- It was very successful. See: Nathaniel Robert Walker, “American Crossroads: General Motors’ Midcentury Campaign to Promote Modernist Urban Design in Hometown USA,” Buildings & Landscapes: Journal of the Vernacular Architecture Forum 23, no. 2 (Fall 2016): 89-115.
- Tracey Clement, “Mapping the Drowned World.” University of Sydney, 2017, 190. http://hdl.handle.net/2123/17344
All three bodies of work which I made for my PhD (Post-Premonitionism 2, Metropolis Experiment, and my Drowned World Maps) came together in my show Mapping The Drowned World, for 3 days only. Both the sculptures and the maps were made in response to JG Ballard’s 1962 novel, The Drowned World. You can watch me de-install the show in the video below.
This the fifth (and final) map I’ve made as part of my Mapping The Drowned World project, inspired by JG Ballard’s novel The Drowned World.
You can find all of my Drowned World maps here.
In this map the conventional view of the planet is inverted. After all, there is no right way up in space.
18.3 hours of drawing, January – September 2017.
One of my Drowned World maps has made the cover of the US journal Cartographic Perspectives!
You can read my article here: http://dx.doi.org/10.14714/CP85.1401
This the fourth map I’ve made as part of my Mapping The Drowned World project, inspired by JG Ballard’s novel The Drowned World.
Maps are always staking a claim or making a point. Far from being an endeavour of pure science, they are political and cultural tools. They frequently represent power and the domination of both people and places.
Maps are artefacts deeply embedded in the cultures that make them and the conditions of their time. And my Drowned World maps are no exception.
In my Drowned World series of drawings I transpose a predicted ocean level rise of 70 meters on to maps of the world. These artworks picture planetary geography re-shaped in a way that echoes Ballard’s science fictional vision of The Drowned World, but they are also grounded in the real.
This map took approx 25 hours of drawing, August – December 2016
The time-consuming nature of these works is a deliberate strategy which points to our complicity in creating our current climate crisis.
This catastrophe did not just happen: it took centuries of dedicated labour, ruthless exploitation of the natural environment, manic consumerism, and blatant disregard for the consequences of our actions to reach this moment in time.
The Buckminster Fuller projection was created in 1943.
See my Drowned World maps in the group show Future Stratigraphy, 6-29 October 2016, at SCA Galleries, Sydney.
The Eckert projection was created in 1906. My map took approx 21 hours of drawing, February – June 2016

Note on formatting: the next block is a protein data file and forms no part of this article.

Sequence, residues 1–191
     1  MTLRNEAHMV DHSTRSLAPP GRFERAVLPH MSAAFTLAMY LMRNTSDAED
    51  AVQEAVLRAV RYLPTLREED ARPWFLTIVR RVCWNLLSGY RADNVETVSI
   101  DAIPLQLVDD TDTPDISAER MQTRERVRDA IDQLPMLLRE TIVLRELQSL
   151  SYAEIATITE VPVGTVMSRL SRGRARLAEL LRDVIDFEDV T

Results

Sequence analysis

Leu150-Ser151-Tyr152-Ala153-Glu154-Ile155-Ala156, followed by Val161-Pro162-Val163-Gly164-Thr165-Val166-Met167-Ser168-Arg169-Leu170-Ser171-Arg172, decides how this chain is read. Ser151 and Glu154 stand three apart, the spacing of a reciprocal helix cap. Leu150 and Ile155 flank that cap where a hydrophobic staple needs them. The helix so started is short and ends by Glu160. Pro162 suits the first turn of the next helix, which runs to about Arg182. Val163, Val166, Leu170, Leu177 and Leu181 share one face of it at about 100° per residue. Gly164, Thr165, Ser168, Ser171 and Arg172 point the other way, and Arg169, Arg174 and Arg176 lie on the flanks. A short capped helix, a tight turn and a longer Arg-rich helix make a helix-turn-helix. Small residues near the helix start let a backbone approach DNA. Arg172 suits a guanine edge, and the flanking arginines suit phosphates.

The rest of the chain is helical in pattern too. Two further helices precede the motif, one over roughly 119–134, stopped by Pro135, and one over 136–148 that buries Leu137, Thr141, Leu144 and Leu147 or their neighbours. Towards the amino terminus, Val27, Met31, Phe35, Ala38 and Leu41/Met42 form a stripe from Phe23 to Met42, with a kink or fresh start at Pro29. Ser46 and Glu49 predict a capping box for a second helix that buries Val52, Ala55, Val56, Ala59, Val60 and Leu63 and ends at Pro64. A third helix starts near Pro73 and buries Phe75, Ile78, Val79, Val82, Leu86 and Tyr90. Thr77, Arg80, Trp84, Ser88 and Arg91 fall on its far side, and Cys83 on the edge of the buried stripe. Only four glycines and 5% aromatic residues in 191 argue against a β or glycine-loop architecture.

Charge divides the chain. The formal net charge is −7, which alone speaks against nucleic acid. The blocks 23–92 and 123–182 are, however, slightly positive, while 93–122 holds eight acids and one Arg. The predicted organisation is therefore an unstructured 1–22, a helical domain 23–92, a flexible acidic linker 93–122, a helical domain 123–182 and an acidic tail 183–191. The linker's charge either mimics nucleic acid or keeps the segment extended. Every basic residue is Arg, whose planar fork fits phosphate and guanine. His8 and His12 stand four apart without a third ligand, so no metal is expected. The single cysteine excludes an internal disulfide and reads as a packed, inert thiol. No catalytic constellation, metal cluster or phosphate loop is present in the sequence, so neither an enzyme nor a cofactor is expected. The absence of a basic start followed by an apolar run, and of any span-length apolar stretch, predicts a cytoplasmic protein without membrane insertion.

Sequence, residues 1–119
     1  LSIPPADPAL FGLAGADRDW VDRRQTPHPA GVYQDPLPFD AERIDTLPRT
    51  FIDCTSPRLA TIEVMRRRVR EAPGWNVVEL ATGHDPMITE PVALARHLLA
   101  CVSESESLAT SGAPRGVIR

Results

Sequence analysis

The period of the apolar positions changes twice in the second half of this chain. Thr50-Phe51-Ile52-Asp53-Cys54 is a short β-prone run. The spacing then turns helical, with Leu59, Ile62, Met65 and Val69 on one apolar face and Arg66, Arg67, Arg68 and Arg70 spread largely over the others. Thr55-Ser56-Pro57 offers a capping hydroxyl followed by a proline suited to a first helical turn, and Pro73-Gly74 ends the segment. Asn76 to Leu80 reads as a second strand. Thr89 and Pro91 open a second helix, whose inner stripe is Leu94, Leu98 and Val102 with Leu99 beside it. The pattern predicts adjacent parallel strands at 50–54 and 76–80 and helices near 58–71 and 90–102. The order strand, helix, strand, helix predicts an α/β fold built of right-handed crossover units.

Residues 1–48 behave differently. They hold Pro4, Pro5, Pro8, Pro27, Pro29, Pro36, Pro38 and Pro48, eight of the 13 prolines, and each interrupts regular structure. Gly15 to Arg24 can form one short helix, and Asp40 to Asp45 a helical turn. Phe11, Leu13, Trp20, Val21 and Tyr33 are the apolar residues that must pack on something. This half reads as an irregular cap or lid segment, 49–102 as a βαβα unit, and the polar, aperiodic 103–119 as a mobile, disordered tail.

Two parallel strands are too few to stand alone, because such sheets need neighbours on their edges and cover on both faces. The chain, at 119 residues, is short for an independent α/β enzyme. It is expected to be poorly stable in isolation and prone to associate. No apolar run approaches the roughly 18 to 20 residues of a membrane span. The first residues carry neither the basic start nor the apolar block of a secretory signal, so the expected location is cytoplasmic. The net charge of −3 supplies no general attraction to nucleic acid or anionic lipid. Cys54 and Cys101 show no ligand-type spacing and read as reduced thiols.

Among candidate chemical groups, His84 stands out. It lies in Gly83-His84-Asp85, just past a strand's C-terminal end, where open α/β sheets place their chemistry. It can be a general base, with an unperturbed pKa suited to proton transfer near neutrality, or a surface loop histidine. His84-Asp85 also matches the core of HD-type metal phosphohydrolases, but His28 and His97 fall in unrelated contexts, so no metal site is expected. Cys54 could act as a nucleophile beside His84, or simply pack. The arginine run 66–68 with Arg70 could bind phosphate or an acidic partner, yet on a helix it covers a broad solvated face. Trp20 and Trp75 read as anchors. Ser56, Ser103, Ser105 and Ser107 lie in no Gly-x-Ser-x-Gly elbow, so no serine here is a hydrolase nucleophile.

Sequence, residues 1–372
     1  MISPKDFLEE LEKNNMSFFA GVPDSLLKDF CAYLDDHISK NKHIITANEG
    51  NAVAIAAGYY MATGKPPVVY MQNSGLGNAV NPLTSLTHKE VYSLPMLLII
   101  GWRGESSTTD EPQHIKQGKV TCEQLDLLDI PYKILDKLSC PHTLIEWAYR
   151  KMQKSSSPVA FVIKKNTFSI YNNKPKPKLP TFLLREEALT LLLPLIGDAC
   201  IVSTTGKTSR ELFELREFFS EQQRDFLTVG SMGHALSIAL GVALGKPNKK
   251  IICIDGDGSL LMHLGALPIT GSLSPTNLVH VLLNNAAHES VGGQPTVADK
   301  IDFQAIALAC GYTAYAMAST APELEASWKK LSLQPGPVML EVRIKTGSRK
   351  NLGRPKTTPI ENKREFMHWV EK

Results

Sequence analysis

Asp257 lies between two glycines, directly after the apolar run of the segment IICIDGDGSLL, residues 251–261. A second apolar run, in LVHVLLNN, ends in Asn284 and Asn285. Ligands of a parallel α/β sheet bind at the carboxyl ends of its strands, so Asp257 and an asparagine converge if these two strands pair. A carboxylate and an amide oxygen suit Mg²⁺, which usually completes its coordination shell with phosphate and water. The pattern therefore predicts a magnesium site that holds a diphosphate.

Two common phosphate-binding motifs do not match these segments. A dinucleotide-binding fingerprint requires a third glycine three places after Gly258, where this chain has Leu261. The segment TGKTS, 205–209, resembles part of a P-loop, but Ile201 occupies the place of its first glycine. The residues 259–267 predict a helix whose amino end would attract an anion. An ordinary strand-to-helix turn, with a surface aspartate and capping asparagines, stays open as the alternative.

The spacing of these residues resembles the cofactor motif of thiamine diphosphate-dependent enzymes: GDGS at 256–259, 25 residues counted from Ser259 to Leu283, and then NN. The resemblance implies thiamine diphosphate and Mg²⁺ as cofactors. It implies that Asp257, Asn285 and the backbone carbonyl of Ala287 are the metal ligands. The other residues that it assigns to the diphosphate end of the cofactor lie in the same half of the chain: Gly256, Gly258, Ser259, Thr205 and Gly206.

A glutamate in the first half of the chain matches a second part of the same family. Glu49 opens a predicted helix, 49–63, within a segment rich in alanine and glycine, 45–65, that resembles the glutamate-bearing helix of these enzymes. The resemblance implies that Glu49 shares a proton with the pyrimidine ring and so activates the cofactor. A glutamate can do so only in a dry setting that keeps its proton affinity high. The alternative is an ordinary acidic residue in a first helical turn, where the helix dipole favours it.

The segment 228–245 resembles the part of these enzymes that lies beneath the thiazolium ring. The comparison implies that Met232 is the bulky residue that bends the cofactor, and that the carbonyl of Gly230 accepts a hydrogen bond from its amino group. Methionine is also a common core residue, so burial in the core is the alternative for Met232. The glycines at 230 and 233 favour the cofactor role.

This the third map I’ve made as part of my Mapping The Drowned World project, inspired by JG Ballard’s novel The Drowned World.
WATCH Tracey Clement create Drowned World: Bonne Projection. 30 hours of drawing compressed into 2 minutes.
This map is part of my broader PhD project, Mapping The Drowned World. It is the second map I’ve completed.
Big isn’t always better
Plastic City represents the annual consumption of one individual. The miniature buildings are made from every plastic container I bought during 2010; they were stored instead of recycled.
The vaguely sci-fi style of the mini city’s ‘architecture’ is an invitation to think about the future. Plastic City embodies a number of timely questions about the types of cities we want to live in, sustainable practice in urban environments and personal responsibility.
Visitors should leave asking themselves, “How big would my Plastic City be?” In this case, bigger isn’t better.
Plastic City highlights the fact that recycling is not enough. We need to choose items that aren’t heavily packaged. We need to use less and re-use, not just recycle.
Plastic City was constructed on site over a week at Articulate Project Space, June 19-24, 2012.
The public were invited to visit during the making process and helped to ‘recycle’ the work at the closing event.
In 1+1+=1, I have taken these drawings and reinterpreted them in embroideries (one of the several traditional “women’s work” skills handed down to me by my Mother) and digital prints.
I have also animated three of the drawings using very simple techniques including the construction of handmade flip-books and praxinoscopes.
1+1=1 was a solo exhibition at James Dorahy Project Space, Sydney.
Photos: Embroideries photographed by Richard Glover. Flip-books, praxinoscopes and installation shots by Tracey Clement.
The praxinoscope is a 19th century animation device, similar to the better known zoetrope.
I made 3 praxinoscopes to animate drawings my father did for me when I was a child.
They were part of my solo show 1+1=1.
The target is an almost irresistible graphic image. All those concentric rings create a mesmerising visual vortex, drawing the eye dead centre, sucking you in. No wonder the target is a perennial favourite of both pop artists and marketing gurus. The target is also an iconic symbol of man-made violence.
The targets in Paper Trail are part of my ongoing project which explores the toxic legacy of the Enlightenment: the dangerous notion that it is both possible and desirable to dominate nature.
Using a razor blade, outlines of vines and vermin are ‘drawn’ onto ready-made targets, then allowed to spiral out. Breaching the picture plane and occupying 3D space, these organic forms embody nature’s vitality and patient omnipotence.
Paper Trail was first shown as a solo exhibition in 2008, at Peloton, Sydney. In 2009, several of the works were showcased in the emerging artists exhibition, Off the Wall, Art Melbourne, Royal Exhibition Building, Melbourne. They were exhibited in 2009 in Tracey Clement: Recent(Hard)Work, Elements Art Gallery, Perth, WA.
Photos: Richard Glover.
Post-it was a group exhibition which I coordinated as an unofficial satellite event of the Biennale of Sydney, 2006.
Post-it was a mail art project based on the surrealist game, ‘The Exquisite Corpse’.
102 artists participated. Each artist drew one section of a figure on a folded sheet, the page was then posted to the next artist. There are 3 artists per page (head, torso, legs) and 34 finished art works.
Each artist donated their work. The finished pieces were sold by silent auction and all the proceeds went to charity.
Post-it was exhibited at Peloton, Sydney, Australia, June 1-July 1, 2006.
Photos: Tracey Clement.